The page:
The somber title track, another one by Valery, sung by both in harmony, also seems to speak symbolically but fairly clearly about current events in Russia and Ukraine. A flock of birds is flying over an active battlefield, watching armies moving toward each other with “different emblems on their shields … there are no emblems in heaven.” In another verse they sing “Birds look down at people / they see battles of different colors / They don’t see great ideas, they only see dead people.” “Aviatrix,” which I previously mentioned, is another Valery original, and he sings lead on this chilling ballad about a pilot who may or may not have been shot down. It’s couched in symbolic language about a battle between a flying serpent and a falcon, played on bouzouki and with droning low notes on the Scythian harp.

Some of these songs will have a familiar sound to longtime folk music fans. The quiet ballad “Cuckoo” is more haunting than hair-raising, with layers of acoustic sounds from bouzouki, thumb piano, Jew’s harp and flutes; just listening to the instrumental parts you could imaging you’re hearing early Fairport Convention or Steeleye Span. Likewise “Raven,” which has a kind of a bluesy Americana vibe with bouzouki chording and Morricone-esque whistling, ocarina trills, and even some slide bouzouki. The melody of “Swallow” has a bit of a “Sally Go Round The Roses” vibe as sung by Tatiana, but that bowed harp gives it an otherworldly sound. Likewise “Flock Of Ducks,” which is my immediate favorite for the deep, droning bowed harp.

I’d be remiss if I didn’t mention the cover art by Marusya Katkova. It’s one of the best covers of the year in any genre, in my opinion.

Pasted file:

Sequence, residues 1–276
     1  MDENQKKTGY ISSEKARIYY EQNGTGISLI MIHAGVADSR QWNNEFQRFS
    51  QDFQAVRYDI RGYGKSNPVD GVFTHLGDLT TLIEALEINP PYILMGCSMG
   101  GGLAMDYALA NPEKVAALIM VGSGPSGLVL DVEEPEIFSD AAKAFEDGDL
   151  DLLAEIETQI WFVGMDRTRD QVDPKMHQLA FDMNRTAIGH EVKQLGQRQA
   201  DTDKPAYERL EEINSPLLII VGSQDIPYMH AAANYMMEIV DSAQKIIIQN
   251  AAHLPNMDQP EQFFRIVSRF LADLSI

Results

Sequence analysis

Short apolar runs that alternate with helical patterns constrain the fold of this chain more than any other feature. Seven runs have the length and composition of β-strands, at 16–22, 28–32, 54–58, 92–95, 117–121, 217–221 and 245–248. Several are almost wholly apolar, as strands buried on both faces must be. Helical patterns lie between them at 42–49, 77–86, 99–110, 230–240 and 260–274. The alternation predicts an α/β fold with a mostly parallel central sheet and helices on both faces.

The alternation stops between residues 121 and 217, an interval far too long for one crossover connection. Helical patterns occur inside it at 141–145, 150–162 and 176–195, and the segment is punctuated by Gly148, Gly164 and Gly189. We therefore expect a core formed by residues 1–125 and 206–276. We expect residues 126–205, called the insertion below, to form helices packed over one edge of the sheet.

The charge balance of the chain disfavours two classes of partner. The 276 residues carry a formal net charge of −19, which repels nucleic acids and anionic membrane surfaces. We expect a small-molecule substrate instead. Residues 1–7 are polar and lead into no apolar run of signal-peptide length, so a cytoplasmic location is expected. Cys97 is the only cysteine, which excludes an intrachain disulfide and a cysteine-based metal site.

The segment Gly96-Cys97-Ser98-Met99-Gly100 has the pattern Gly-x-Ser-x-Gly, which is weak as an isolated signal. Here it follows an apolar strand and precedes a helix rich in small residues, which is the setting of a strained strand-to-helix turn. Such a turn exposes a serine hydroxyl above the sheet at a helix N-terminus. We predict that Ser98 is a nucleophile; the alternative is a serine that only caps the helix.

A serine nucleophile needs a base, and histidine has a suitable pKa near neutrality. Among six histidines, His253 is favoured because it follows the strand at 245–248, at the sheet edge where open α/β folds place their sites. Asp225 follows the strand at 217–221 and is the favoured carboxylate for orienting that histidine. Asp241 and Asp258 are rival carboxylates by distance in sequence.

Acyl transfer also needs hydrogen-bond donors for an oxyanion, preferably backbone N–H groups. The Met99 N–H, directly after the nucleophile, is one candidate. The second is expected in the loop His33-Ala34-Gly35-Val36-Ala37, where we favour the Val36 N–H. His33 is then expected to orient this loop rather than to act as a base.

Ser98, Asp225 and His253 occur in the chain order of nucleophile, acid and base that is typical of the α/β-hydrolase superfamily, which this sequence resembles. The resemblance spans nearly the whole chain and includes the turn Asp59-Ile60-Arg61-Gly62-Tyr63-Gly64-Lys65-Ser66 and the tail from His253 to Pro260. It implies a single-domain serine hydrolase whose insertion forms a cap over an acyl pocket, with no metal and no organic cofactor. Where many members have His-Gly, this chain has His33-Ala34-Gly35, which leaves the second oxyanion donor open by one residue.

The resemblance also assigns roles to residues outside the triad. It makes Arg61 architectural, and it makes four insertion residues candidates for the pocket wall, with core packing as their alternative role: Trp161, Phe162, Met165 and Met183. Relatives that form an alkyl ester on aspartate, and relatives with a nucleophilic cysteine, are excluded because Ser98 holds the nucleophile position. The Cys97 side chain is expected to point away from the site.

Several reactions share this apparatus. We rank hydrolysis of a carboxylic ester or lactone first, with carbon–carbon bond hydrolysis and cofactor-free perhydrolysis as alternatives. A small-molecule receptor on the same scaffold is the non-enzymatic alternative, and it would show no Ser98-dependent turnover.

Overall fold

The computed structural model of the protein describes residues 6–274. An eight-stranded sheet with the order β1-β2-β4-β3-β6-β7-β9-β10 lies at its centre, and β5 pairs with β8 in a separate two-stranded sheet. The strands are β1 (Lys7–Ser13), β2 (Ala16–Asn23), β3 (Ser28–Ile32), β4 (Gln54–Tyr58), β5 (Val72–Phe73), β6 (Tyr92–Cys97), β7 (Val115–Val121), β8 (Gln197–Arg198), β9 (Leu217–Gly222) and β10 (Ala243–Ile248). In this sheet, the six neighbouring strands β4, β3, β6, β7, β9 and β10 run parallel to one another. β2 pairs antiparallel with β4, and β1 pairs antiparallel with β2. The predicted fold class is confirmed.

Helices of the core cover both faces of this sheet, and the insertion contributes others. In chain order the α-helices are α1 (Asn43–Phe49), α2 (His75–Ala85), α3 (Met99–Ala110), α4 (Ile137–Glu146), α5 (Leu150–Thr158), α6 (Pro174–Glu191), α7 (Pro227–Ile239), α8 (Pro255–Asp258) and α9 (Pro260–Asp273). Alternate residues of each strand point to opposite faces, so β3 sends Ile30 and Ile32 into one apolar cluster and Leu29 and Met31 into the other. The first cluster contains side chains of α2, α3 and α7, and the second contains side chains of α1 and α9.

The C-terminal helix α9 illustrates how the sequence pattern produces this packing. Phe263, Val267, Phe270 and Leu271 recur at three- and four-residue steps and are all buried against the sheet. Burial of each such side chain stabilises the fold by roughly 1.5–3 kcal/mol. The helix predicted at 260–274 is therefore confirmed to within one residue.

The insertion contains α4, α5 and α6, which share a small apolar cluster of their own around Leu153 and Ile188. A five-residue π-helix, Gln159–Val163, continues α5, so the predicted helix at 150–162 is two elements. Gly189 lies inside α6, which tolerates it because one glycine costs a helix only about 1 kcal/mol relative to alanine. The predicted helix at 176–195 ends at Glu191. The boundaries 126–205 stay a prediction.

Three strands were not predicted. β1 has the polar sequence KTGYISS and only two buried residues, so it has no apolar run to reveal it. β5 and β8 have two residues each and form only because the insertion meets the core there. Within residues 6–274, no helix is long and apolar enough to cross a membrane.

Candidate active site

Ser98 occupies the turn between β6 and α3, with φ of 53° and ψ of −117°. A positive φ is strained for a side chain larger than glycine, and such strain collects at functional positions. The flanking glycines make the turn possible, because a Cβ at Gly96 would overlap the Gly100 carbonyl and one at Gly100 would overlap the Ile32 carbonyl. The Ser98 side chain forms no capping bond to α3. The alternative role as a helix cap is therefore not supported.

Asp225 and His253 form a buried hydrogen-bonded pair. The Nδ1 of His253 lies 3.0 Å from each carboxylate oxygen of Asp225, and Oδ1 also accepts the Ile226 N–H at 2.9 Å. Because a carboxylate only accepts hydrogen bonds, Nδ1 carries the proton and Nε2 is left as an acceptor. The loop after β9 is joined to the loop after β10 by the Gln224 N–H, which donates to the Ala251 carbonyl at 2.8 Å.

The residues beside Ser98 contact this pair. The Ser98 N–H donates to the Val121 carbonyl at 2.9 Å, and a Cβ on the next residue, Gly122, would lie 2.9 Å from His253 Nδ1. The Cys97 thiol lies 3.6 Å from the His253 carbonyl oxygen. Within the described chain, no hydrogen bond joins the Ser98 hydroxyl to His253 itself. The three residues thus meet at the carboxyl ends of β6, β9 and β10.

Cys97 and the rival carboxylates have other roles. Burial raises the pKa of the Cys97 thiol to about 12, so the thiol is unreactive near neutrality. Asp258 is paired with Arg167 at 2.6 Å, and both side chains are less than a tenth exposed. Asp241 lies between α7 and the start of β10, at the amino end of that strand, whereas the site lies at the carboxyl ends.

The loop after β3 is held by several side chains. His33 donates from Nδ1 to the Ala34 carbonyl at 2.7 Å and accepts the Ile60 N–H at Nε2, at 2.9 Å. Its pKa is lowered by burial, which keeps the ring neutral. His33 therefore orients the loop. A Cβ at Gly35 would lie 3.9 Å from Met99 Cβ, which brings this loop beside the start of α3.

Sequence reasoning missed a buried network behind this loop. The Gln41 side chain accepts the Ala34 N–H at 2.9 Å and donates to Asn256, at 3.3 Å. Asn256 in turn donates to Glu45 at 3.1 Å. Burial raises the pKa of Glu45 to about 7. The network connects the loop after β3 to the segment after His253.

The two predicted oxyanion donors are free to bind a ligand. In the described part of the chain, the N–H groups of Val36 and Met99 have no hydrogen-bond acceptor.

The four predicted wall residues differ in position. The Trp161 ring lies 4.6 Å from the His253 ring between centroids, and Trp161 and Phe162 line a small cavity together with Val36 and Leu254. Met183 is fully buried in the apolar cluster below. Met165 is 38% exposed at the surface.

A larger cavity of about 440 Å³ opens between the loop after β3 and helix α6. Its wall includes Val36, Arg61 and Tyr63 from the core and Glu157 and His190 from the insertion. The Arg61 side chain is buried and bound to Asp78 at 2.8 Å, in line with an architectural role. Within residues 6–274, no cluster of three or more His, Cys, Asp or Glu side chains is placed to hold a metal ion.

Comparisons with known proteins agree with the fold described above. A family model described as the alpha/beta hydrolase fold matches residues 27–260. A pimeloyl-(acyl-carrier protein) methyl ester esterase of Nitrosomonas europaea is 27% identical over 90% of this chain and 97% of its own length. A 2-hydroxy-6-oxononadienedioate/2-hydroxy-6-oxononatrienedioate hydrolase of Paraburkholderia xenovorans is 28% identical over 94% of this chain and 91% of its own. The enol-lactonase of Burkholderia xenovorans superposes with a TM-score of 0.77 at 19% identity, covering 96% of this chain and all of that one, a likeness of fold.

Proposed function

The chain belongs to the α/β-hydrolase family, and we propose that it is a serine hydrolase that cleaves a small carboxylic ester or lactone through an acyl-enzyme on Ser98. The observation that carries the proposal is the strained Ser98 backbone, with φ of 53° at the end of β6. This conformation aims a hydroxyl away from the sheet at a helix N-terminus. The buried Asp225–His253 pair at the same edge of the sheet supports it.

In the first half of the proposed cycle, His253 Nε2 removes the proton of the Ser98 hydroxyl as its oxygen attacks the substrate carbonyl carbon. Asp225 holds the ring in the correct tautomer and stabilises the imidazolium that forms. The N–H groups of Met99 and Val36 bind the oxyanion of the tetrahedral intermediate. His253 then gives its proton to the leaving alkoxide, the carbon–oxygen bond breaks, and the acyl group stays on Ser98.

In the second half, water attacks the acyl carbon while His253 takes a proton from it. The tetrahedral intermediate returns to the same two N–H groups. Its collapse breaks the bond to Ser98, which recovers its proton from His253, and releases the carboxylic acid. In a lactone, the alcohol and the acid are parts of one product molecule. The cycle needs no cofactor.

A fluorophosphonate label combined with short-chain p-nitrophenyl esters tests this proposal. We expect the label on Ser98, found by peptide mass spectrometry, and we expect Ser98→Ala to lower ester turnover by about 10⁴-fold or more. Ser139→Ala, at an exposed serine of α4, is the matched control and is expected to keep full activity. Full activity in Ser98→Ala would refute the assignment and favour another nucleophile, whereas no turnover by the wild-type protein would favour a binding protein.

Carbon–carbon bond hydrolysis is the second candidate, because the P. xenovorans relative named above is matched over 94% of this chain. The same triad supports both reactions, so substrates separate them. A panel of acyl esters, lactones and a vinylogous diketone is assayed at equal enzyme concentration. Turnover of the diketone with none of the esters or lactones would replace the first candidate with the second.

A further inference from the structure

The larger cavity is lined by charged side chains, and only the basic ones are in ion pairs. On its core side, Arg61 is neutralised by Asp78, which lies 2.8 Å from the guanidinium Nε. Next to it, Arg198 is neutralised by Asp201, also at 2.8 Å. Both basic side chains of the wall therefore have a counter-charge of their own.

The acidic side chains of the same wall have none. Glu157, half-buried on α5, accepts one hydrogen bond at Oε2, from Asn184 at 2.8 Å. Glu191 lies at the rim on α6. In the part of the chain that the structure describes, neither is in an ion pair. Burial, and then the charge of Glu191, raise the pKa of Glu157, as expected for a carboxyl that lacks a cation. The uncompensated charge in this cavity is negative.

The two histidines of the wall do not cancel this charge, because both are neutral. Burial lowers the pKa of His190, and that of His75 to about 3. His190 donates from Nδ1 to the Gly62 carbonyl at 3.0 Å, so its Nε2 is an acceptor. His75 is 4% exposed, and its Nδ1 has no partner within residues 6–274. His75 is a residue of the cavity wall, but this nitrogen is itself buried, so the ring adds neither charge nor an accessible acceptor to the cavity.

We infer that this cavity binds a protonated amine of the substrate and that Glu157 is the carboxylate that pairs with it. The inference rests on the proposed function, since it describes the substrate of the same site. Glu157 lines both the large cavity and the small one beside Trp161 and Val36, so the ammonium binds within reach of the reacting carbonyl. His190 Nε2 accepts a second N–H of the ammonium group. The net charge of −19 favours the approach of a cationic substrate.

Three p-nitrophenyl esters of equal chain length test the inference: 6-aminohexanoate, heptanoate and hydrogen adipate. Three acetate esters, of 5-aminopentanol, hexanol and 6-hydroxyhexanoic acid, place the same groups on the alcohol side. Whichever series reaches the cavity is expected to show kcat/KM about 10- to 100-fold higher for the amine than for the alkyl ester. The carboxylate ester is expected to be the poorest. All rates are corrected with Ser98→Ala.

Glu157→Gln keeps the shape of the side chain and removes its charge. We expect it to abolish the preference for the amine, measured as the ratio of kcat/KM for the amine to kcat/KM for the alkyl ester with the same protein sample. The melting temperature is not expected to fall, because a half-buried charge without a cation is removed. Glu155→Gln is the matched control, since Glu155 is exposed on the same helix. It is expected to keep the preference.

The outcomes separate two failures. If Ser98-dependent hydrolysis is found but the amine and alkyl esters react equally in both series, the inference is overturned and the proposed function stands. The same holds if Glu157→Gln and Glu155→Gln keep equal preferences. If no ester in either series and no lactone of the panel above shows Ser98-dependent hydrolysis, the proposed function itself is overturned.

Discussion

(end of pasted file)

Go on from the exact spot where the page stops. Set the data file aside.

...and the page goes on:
It’s understandable that some cultural gatekeepers might find Vedan Kolod’s latest outing threatening. Birds uses traditional instruments, melodies and motifs in some very experimental and modern ways. And their lyrics, though couched in metaphor, reflect the disquieting mood of today’s world. Even if I wasn’t slightly acquainted with some of the musicians, I would heartily recommend Birds as world music of a very high order, worthy of wide exposure.

You’ll find promotional videos for “The Raven” and “The Traveler And The Vulture” on Vedan Kolod’s Facebook page. I’ll embed a selection from the album as soon as it’s posted on Bandcamp.

(CPL-Music, 2024)

Gary Whitehouse

A fifth-generation Oregonian, Gary is a retired journalist and government communicator. Since the 1990s he has been covering music, books, food & drink and occasionally films, blogs and podcasts for Green Man Review. His main literary interests for GMR are science fiction, music lore, and food & cooking. A lifelong lover of music, his interests are wide ranging and include folk, folk rock, jazz, Americana, classic country, and roots based music from all over the world. He also enjoys dogs, birding, cooking, craft beer, and coffee.

More Posts